So. America is big. I know. Bear with me.
America is big. Really big. And it has a really diverse range of terrains and climates. A lot of these climates are the exact kind of conditions where wine grapes can thrive. So many, in fact, that every state in the union makes wine. Every state. Even Hawaii. Even Utah.
Obviously some states make better wines than others. That’s why we’re more familiar with wine from California than, say, Michigan. But California is by no means the last word in American wine. Oregon Pinot Noir is very well regarded, and with good reason. Washington and New York both offer a variety of great wines, and are only growing in quality and popularity.
But I find the most interesting things are happening in Texas.
Even though Texas is seeing the most exciting growth in the country, its history with wine is not new. Texas was one of the first states in the country to develop wines, predating California by more than a century. Before there was a country, before there was really a Texas, there was Texas wine.
Blame the Spanish.
We’re on a Mission from God.
The conquistadors were first, with their amazing hats.
Seriously the best hats.
The conquistadors brought the missionaries, and the missionaries brought Jesus. And Jesus was a pro-booze dude, so the missionaries needed wine.
Booze existed in the New World before the Europeans, and the Americas have plenty of native species of grape, but the fermentation of grape wasn’t really a thing until the Spanish showed up. In the mid-1600s, Franciscan monks made communal wine out of the appropriately named Mission grape. A sturdy varietal originally from Spain, Mission grows readily in varied climates, and its prominence was instrumental in the development of wine in Texas, and later in California. Unfortunately, Mission wine is kind of shitty.
As Texas was gradually settled, more and more people looked for better quality wine. Experiments with native grapes proved mostly fruitless (see what I did there?), and the European vitis vinifera was known to be too difficult to grow in America’s harsher climates. But when our old friend phylloxera struck, it was a Texan who struck back.
How T.V. Saved the World.
American wines were just starting to come into their own when the phylloxera blight swept through Europe in the 1850s. It wasn’t the climate that was making it difficult for winemakers to cultivate vitis vinifera, it was the sap-sucking little aphid native to the country. Phylloxera may have evolved alongside American vines, which are resistant to the pest, but it had a field day once it got to Europe.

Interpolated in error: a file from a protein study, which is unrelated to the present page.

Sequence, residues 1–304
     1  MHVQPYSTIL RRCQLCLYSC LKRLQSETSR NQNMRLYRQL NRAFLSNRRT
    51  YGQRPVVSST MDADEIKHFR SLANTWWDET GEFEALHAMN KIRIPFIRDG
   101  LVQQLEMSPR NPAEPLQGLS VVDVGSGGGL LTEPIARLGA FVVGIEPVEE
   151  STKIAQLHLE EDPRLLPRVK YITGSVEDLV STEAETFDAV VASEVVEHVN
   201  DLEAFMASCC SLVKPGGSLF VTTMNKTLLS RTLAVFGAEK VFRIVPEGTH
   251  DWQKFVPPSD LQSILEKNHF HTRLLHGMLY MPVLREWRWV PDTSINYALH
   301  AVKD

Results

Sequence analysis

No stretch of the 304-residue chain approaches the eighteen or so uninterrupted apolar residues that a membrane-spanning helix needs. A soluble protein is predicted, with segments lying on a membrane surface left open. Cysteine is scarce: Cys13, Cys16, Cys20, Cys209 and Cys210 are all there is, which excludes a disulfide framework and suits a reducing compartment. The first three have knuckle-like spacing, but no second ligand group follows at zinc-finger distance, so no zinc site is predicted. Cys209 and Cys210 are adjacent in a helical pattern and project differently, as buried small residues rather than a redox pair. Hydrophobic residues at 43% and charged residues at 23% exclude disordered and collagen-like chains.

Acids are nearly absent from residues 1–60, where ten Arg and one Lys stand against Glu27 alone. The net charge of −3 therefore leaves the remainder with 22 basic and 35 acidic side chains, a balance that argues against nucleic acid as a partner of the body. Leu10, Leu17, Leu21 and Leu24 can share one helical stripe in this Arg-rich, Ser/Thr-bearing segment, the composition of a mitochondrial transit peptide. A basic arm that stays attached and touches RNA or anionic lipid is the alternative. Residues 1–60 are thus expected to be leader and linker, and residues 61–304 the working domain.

Enter our hero, Thomas Volney Munson. A prominent horticulturist and botanist, Munson’s passion was for viticulture. In particular he was instrumental in the proliferation of the hybrids, bred from European and American grapes, that were early attempts at making quality wine in America.
When the phylloxera pest was finally discovered as the cause of the European blight, Munson developed a theory for how to deal with it. He had dozens of vinifera vines shipped to him, and he started cutting. He eventually discovered that he could graft the desirable European vines onto resistant American rootstock and keep the pest at bay. Mustang, a grape native to Munson’s home in Texas, eventually proved to be the best match for most species of vinifera, and is still used worldwide to protect vineyards.
Things Get Worse Before They Get Better.
With the threat of phylloxera quelled, Texas followed the rest of the world in an all too brief upswing in wine production. Things were looking up. But with the 18th Amendment to the Constitution things got a little, well, stupid.
Prohibition fucked us up a bit, as a country. It made us all a bit crazy*. But even after repeal, the Texas wine industry had difficulties. It wasn’t until the 1950s that things began to change for the better. Slowly but surely, wine was being produced again. Over the next thirty years the American wine boom saw the Texas wine industry try to emulate the success of California. Big oaky Cabernet Sauvignons and buttery Chardonnays were the rule of the day, but these was never a style of wine suited to Texas.
Recent history has proven this, and that’s where things start to get really interesting.